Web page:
Literacy program cultivates ‘hidden talent’ in employees
Customized Workplace English classes aim to help employees with low literacy reach job security, advancement.
The Literacy Center of West Michigan realized 16 years ago that the workforce was full of employees with untapped leadership potential: those who struggle with literacy.
It also saw a trend of worker turnover due to communication barriers and safety concerns, which hurt employers’ bottom lines.
In response, the nonprofit built a Customized Workplace English program (CWE) that harnesses the power of West Michigan colleges, universities and English educators to bring contextualized literacy training to the workplace.
Since the fee-based program was established in 2001, the Literacy Center has worked with more than 80 companies to provide customized literacy training classes, including Bethany Christian Services, Bouma Construction, Butterball, Display Pack, Kent Companies, Koeze Company, Lacks Enterprises, Plasan Carbon Composites and Ranir.
Wendy Falb, executive director, said during the Great Recession the program lagged because employers were cutting expenditures. Now, with a healthier economy, CWE is thriving.
“Employers are finding religion,” she said. “They’re finding a crunch for talent, and they’re not able to upscale good employees because of low literacy levels.
“These immigrants are amazing in technical skill and work ethic, but they’re limited to move up in the company because of their language skills and because of safety/production issues.”
Chad Patton, CWE program director, agreed.
“There’s hidden talent that literacy instruction can showcase,” he said.
Falb and Patton said most employees with low literacy are non-native speakers of English. To a lesser degree, they encounter native English speakers who have not progressed beyond a ninth-grade reading level — though that is not as common, because those individuals don’t usually self-report, out of fear and shame.
Patton said he and CWE coordinator Jennifer Summers start each partnership with an employer by interviewing the human resources personnel and operations staff to find out what their needs are, and then they meet with each employee to hear what their struggles are.
The pair then administers a Comprehensive Adult Student Assessment Systems (CASAS) test, widely used for assessing basic reading, math, listening, writing and speaking skills.
Fact-finding and curriculum-building comes next.
“We take pictures, as much as employers let us, of work orders, work instructions and processes and include it into the curriculum,” Patton said.
“We pull from a few different curricula to create the plan, but a lot of what we create comes from the (information) we’re getting from employers. That’s anything that comes from the place of business that we can incorporate into our curriculum.”
CWE recruits instructors who have master’s degrees in teaching English to speakers of other languages (TESOL) for paid positions in the CWE program. But sometimes, there aren’t enough professionals with master’s degrees to meet demand.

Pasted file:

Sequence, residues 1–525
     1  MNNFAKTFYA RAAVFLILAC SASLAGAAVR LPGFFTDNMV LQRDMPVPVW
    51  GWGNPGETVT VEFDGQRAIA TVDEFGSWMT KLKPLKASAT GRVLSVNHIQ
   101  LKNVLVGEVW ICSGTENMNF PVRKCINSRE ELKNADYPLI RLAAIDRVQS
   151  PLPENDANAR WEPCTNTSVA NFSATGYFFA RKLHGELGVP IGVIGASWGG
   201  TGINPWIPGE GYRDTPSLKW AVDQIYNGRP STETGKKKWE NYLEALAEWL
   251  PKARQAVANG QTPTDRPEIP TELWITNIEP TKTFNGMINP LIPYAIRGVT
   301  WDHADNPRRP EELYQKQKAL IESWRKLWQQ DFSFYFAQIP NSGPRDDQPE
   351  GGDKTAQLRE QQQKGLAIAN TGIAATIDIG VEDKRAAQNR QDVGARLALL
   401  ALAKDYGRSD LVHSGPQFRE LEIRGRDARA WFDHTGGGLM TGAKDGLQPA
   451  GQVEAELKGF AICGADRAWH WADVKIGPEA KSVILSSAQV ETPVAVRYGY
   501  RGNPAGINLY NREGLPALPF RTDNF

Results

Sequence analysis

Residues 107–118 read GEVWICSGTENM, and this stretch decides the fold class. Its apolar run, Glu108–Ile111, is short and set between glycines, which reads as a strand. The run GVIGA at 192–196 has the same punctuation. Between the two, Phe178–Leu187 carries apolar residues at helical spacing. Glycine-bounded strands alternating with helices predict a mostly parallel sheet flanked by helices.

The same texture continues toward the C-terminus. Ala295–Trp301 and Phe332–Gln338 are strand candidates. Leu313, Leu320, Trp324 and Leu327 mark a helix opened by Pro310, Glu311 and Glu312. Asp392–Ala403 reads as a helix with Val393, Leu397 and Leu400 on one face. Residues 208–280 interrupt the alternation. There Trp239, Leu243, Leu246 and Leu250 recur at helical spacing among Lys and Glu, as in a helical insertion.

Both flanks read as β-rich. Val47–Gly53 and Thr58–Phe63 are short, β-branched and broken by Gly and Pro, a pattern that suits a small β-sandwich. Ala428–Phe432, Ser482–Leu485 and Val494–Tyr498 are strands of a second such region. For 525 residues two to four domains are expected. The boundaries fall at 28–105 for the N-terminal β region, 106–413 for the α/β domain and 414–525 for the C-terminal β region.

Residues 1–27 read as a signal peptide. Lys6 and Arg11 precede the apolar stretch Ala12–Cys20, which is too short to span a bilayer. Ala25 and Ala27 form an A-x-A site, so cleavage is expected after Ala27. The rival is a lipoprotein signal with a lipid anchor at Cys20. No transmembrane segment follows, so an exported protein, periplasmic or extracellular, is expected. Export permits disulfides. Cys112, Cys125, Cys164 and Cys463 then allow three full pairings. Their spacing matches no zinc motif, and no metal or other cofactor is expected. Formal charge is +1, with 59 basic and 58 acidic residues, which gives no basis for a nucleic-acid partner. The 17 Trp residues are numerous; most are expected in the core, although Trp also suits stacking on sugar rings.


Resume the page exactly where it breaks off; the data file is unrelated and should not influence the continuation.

“If we can’t find anyone with a master’s in TESOL, we have collaborations with Grand Valley, Western and Cornerstone to provide field opportunities for master’s in TESOL students,” Patton said.
Patton said classes are designed for 15-20 students, but sometimes, they will do classes with fewer and allow the instructors to modify their curriculum to fit the needs of a smaller class.
At the end of February, CWE will pilot a new program called Spanish for the Workplace, primarily for the construction industry.
“We will teach Spanish to mid-level employees/managers whose first language is English, and their goal is to speak with their employees better to improve the ability to communicate on both ends,” Patton said.
Similarly, last summer, CWE launched a partnership with Grand Rapids Community College and the Hispanic Center of West Michigan to recruit and teach Spanish-speaking community members who wanted to participate in GRCC’s machine computer numerical control (CNC) degree.
The bilingual Spanish/English class was taught by ESL instructors and machine CNC instructors at GRCC’s M-TEC Center.
Patton said that program may expand to include those pursuing a welding education.
Falb and Patton said when talking to employers about the CWE program, they emphasize the idea of return on investment.
“We’re going to see improvement in process due to literacy coaching,” Patton said. “There are times when employees make one mistake in a product, and they have to throw all of it away.
“The big return on investment is do you teach them to read so they know what product goes with what component to correct that waste, or do you say, ‘Well it’s waste, and it’s going to happen?’”
Falb said the Literacy Center held a Talent Challenge last year to educate employers about the talent gap and the ROI of teaching literacy to workers.
“Low literacy is this wall that is holding back people’s potential,” she said.
Patton cites a success story from a worker at a local automotive parts manufacturer.
“We had one learner who worked at Plasan Carbon Composites, and they have a glass wall where any of their employees are allowed to write on there an idea they have,” he said.
After going through the CWE program, “this employee now felt comfortable enough with her English skills to write on the glass wall.”
“That’s a big accomplishment,” he said.
Beyond personal growth for individuals, Falb said the CWE program is part of the Literacy Center’s broader mission to foster a “just and vibrant” region.
“It’s about economic vibrancy, which is often a result of social vibrancy, tapping people’s assets,” she said. “It’s recognition that a tremendous amount of people have assets that aren’t being actualized.
“And if you address an adult’s literacy, you’ll address their children’s outcomes, as well.”